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What comes after the Eurofighter?

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posted on Apr, 14 2007 @ 06:16 PM
I really have little knowledge on aircraft so forgive my ignorance, however, what I am interested in is future European aircraft projects that may eventually supercede the Eurofighter programme.

I understand it has only just come out but surely there must be some sort of research into the next generation European aircraft now that a number of European countries have worked together extensively. You'd think they would be working hard to build on the technology they have acquired, especially now that countries like China and India are starting to build 5th gen aircraft. Europe has the money and the technology to pursue such technology. Is there any reason why they aren't?

Now i've read a bit on this forum and seen the stealth craft thread (from countries from the US) and it already seems that European countries are pretty adept at stealth technology but refrain from using developing it extensively because of US political pressure (i.e. might compromise their stealth technology hegemony) and the fractious nature of European politics.

Is there any European movement for a stealth aircraft?
Is one being developed already or are they going to rely on the Americans in future?
Will the European countries come together on this one instead of producing 3 different fighters (Gripen, Rafaele and EF)?

I'm just curious and hungry for any informations - whether it be tidbits or whatever. Any info appreciated.


posted on Apr, 15 2007 @ 01:57 AM
I think many of the EU airforces are going to be giving a hard look at UCAVS's.

To be honest the fighter after the Typhoon is going to the the F-35 JSF which will replace most of the strike aircraft. Both will compliment each other nicely. If any country is going to get the F-22 in Europe it will be the UK, but it may not fit into the budget.

I know that EADS and Dessaut have extensive UAV programs and it seems like a natural progression to me.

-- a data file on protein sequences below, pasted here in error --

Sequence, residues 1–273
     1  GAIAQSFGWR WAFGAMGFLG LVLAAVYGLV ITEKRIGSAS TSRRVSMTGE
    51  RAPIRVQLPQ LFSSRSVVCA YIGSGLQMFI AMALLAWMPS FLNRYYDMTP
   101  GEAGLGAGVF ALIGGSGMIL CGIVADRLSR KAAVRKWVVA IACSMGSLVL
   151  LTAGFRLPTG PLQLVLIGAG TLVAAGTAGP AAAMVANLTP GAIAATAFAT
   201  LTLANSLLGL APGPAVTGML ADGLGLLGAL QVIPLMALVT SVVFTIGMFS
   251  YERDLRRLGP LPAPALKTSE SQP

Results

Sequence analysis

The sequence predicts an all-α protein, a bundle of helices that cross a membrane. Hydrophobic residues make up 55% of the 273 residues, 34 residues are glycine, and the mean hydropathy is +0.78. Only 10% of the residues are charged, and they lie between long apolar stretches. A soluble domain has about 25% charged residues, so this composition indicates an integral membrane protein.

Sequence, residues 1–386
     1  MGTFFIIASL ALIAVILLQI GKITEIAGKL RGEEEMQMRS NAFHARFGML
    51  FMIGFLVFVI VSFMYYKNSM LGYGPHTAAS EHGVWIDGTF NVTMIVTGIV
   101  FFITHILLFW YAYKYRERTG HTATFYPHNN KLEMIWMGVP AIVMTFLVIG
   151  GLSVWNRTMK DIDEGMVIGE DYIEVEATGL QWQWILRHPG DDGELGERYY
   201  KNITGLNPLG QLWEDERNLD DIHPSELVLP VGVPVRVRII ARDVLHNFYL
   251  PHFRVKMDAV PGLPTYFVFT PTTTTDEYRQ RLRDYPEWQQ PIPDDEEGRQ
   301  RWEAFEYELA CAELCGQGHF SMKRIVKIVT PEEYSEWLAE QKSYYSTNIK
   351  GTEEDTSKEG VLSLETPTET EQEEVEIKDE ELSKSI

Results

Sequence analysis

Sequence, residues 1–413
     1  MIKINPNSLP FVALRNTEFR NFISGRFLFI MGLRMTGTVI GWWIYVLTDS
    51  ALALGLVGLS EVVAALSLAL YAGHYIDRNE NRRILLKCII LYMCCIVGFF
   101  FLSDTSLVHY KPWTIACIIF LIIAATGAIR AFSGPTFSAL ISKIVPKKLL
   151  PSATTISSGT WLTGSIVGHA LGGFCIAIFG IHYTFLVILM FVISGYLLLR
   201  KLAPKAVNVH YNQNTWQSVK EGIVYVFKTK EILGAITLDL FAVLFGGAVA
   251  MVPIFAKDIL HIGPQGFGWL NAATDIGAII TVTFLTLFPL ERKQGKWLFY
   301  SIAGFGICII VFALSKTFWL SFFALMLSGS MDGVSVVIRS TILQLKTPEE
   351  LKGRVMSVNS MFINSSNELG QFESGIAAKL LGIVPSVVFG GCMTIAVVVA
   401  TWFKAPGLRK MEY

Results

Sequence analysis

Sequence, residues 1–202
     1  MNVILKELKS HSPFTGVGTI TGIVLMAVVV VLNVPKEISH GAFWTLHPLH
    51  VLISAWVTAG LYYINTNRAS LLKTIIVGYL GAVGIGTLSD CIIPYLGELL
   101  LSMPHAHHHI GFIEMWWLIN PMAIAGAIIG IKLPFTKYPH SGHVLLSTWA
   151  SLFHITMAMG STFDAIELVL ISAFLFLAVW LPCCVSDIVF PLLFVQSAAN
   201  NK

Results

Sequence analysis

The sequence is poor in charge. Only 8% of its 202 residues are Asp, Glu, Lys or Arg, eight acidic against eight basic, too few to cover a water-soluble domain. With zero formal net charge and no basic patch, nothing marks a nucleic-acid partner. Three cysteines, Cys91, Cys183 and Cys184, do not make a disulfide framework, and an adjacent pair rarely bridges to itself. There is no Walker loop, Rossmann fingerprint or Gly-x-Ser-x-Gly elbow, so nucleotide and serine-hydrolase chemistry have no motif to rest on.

The EU can build a stealth fighter if they so chose, but its an expensive proposition. I doubt US pressure would hold back say France if they wanted to put forth the capital to do so.

[edit on 4/15/07 by FredT]

posted on Apr, 15 2007 @ 05:32 AM
There is no known development work currently going on in the UK for a manned fighter beyond Typhoon, but that doesn't mean there isn't any at all. The BAE Systems Replica programme certainly had all the appearance of a manned aircraft and who knows what hidden direction this effort might lead to?

The main area of interest for the UK currently however is the 'UCAV Swarm' in which a two seat aircraft (on current tests a Tornado F3 is used, but this is only for the trials) acts as 'squadron leader' for a gaggle of semi-autonomous warplanes. Efforts along this path are currently being directed both towards the USA through 'project Churchill' as part of the N-UCAS effort, and also towards EADS, while at the same time pursuing its own Taranis UCAV project which will fly by 2009, this is where BAE sees its main priority after Typhoon is complete and I wouoldn't be surprised to see the RAF and BAE talking about a two seat 'F-35D' within the next couple of years to provide a stealthy alternative UCAV leader to the Typhoon, the current favourite platform already available as a two seater.

posted on Apr, 15 2007 @ 05:46 AM
I´d think that there first has to be a common "Joint technology groundwork" within the EU before going ahead with further multinational developments. I say this on the basis of the extremely harsh problems most joint defense projects are troubled with as of late.

Too many fail, get abridged or otherwise harrassed by differing opinions of the participating states, which at best results in severe delays of the products (as in the case of the Typhoon). Another example could be the GTK Boxer. Another problem is that the big European def contractors, namely EADS and BAe Systems, manage to steal out of responsibilities for product mismanagement despite their near-monopoly market position.

The possible future HTH program, or Heavy Transport Helicopter by Eurocopter, could be used also as "testbed" for a new approach to joint development under EU steering. Eurocopter in particluar has so far managed to keep its mil projects largely on track (the Tiger and the NH90), though in the case of the HTH there is also open thoughts about doing a Eurocopter-Boeing/Bell/Lockheed teamup.

Anyway, I´d say that the participating members should show more commitment to these programs or be granted less loopholes to abridge or bug out of these in order to speed up development. Then again, thats wishful thinking.

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